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7 Reasons You Need a Probate Lawyer in Arizona

Posted by Dana Law Group on October 7, 2020

image of probate lawyer

Whether you’re an heir, beneficiary or executor, hiring an experienced probate attorney in Arizona can help with the handling and distribution of the deceased’s estate. Probate attorneys help navigate the probate process, which is complex. Here’s a list of 7 reasons why you should use a probate attorney.

1. Probate Attorneys Make the Probate Process More Efficient

The probate process is well known for being complex and slow. Probate attorneys help streamline the complex process at every stage. From preparing filings to the distribution of assets, an experienced probate attorney helps take care of everything in accordance with Arizona law. Keep in mind that a lot of people who try to do it on their own get rejected by the court. With a probate attorney, you’ll have less frustration a more efficient resolution of the estate.

2. Probate Attorneys Help Settle Family Disputes

It’s not uncommon for there to be some family conflict with a deceased’s estate. Maybe the deceased did not leave a will or someone was left out of the will. Feuds can arise in which relationships cannot be repaired. A probate attorney has the skills and knowledge to address these types of issues and can help everyone reach an agreed settlement without destroying relationships.

3. Probate Attorneys Develop Agreements Between Heirs

Probate attorneys help facilitate agreements to existing problems with a will. For example, perhaps a mother left her home to five children, but only four can live in it. Or, if a father left a business to all of his children, but one doesn’t want it and requests he is bought out. And if the person didn’t have a will, the heirs are all in different positions. A probate attorney can assist in communication between heirs for a successful resolution of the estate.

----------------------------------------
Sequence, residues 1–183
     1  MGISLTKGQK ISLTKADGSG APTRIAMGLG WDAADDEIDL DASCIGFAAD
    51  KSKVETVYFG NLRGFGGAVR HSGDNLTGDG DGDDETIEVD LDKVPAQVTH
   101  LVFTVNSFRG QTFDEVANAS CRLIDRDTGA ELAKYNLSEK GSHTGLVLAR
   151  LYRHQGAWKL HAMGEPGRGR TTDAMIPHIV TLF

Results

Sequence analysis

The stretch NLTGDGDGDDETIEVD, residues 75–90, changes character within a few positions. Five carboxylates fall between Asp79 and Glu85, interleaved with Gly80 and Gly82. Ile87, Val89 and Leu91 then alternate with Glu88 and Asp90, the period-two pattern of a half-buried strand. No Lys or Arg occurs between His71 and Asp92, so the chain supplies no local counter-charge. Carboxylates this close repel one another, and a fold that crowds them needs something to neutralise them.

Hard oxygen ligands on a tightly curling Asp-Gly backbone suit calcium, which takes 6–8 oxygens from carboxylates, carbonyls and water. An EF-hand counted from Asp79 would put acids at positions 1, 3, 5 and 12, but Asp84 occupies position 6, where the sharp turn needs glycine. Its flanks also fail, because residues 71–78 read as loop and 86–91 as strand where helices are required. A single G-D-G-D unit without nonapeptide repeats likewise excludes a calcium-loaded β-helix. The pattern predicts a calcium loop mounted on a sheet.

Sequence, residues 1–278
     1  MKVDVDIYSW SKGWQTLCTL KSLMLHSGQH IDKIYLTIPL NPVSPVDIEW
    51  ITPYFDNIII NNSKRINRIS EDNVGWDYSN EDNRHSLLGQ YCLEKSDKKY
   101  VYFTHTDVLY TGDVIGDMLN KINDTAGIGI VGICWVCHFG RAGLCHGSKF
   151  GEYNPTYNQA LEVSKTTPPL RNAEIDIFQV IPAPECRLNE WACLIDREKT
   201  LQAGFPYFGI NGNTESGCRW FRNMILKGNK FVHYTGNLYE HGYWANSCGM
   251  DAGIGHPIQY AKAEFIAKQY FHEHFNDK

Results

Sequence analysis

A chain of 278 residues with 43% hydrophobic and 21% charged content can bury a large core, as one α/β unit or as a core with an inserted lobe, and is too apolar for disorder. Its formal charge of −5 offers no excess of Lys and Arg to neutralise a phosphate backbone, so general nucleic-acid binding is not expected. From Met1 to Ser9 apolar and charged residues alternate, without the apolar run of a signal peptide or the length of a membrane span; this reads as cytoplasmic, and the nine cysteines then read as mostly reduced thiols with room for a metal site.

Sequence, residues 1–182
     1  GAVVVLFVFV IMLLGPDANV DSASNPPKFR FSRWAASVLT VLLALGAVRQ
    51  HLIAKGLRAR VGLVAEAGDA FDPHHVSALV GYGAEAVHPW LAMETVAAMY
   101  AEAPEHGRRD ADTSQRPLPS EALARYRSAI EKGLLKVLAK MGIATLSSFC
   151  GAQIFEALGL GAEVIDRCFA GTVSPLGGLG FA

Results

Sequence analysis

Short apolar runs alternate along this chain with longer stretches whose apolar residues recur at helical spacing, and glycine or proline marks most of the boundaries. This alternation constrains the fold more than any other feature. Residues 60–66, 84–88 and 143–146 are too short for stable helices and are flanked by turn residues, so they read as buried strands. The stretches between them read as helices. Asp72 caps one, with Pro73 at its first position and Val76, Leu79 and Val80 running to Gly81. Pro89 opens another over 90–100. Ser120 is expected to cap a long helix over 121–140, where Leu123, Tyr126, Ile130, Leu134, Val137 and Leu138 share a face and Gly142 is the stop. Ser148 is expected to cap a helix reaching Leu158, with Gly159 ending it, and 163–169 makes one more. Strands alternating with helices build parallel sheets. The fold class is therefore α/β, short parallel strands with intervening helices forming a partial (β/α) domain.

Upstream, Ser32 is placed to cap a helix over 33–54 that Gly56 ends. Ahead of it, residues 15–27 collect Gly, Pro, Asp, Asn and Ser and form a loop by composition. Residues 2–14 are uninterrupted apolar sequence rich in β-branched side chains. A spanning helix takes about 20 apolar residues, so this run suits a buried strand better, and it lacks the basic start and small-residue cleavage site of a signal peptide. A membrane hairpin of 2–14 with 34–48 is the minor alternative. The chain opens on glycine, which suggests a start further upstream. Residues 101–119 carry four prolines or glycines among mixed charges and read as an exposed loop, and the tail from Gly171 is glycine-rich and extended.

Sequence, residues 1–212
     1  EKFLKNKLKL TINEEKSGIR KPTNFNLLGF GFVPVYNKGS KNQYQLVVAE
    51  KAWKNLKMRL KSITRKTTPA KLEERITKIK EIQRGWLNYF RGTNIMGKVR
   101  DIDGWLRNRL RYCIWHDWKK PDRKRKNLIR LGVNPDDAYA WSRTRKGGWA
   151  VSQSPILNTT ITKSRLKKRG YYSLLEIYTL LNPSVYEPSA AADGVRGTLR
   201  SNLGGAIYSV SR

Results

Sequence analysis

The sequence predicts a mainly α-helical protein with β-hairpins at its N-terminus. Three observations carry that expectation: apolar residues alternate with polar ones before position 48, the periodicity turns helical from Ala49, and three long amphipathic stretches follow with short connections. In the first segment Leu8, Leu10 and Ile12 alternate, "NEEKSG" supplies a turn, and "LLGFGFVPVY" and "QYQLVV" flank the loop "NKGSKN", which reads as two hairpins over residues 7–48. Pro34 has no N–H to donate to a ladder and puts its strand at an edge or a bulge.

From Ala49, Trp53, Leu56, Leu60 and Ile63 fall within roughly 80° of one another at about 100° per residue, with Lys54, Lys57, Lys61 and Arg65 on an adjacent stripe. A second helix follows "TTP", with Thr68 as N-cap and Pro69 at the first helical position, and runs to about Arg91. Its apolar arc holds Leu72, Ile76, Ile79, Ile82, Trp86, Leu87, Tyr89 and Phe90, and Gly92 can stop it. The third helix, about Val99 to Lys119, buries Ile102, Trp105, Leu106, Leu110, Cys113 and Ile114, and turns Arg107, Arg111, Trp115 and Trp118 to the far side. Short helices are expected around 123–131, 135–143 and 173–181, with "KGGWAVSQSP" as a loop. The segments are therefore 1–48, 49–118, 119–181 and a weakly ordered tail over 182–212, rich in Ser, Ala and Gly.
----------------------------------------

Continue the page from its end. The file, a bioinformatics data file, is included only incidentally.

4. Probate Attorneys Assisted with a Contested Will

Some wills are straightforward and others are not. If an heir or beneficiary contests the will, the court will likely intervene. Representing yourself in a contested will case is tough. There are discovery deadlines and evidence that must be presented in court. Not only can it be costly to try to do this on your own, you just may lose certain rights without an attorney advocating for you.

5. Probate Attorneys Make Decisions on Technical Problems

It’s difficult to understand everything about probate. There may be a technical issue with tax-advantaged ownership or certain trusts. A skilled probate attorney will have the answers to avoid clouding the title of the estate property. They know exactly what assets must pass through the probate process.

6. Probate Attorneys Manage Debt Collectors

Practically no one dies without owing money to someone. While creditors have the right to get paid, a probate attorney knows which ones have that right. In addition, a probate attorney can help negotiate the creditor’s claim down. They will also take the necessary action to protect the assets that are exempt from the creditor’s claim.

7. Probate Attorneys Handle Complex Tax Issues

While most estates are not subject to a death tax, there are some that are. Large estates with $5 million or more in assets are subject to a death tax. An experienced probate attorney would be needed to help navigate the death tax put on the estate by the federal government and the state. They can help shield the estate from some taxes by setting up a tax ownership advantage structure. There is a lot of paperwork and skill required when doing this. A probate attorney will be able to explain and defend the structure to the proper authorities. There is a lot at stake when handling the probate of larger estates.

As you can see, there are many reasons to hire an experienced probate attorney for the probate process. Problems can arise that you don’t even think of. The role of a probate attorney is to get the decedent’s property appraised, collect and manage life insurance proceeds, secure all the decedent’s assets, advise how to pay bills and settle debt, prepare documents required by a probate court, determine whether any estate taxes are own and to manage the estate’s checkbook. That’s a lot to handle on your own.